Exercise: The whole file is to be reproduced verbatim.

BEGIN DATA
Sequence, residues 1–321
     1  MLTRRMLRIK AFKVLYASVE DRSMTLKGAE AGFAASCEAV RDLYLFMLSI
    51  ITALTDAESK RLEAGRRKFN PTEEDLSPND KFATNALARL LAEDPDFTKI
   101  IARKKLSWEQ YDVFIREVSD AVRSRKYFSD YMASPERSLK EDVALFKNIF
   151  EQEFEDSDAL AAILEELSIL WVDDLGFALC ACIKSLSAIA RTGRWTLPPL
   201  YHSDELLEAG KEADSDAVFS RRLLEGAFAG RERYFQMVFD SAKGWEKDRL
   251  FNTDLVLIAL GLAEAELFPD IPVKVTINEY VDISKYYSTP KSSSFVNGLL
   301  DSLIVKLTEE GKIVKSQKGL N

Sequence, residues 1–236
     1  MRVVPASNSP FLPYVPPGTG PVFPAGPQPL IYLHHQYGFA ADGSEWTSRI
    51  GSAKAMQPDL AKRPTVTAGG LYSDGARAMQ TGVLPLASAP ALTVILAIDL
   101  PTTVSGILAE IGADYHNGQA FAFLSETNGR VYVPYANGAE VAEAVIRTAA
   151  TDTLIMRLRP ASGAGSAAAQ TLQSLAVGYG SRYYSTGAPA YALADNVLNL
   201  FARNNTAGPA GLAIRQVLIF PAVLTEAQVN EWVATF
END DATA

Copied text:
Sequence, residues 1–321
     1  MLTRRMLRIK AFKVLYASVE DRSMTLKGAE AGFAASCEAV RDLYLFMLSI
    51  ITALTDAESK RLEAGRRKFN PTEEDLSPND KFATNALARL LAEDPDFTKI
   101  IARKKLSWEQ YDVFIREVSD AVRSRKYFSD YMASPERSLK EDVALFKNIF
   151  EQEFEDSDAL AAILEELSIL WVDDLGFALC ACIKSLSAIA RTGRWTLPPL
   201  YHSDELLEAG KEADSDAVFS RRLLEGAFAG RERYFQMVFD SAKGWEKDRL
   251  FNTDLVLIAL GLAEAELFPD IPVKVTINEY VDISKYYSTP KSSSFVNGLL
   301  DSLIVKLTEE GKIVKSQKGL N

Sequence, residues 1–236
     1  MRVVPASNSP FLPYVPPGTG PVFPAGPQPL IYLHHQYGFA ADGSEWTSRI
    51  GSAKAMQPDL AKRPTVTAGG LYSDGARAMQ TGVLPLASAP ALTVILAIDL
   101  PTTVSGILAE IGADYHNGQA FAFLSETNGR VYVPYANGAE VAEAVIRTAA
   151  TDTLIMRLRP ASGAGSAAAQ TLQSLAVGYG SRYYSTGAPA YALADNVLNL
   201  FARNNTAGPA GLAIRQVLIF PAVLTEAQVN EWVATF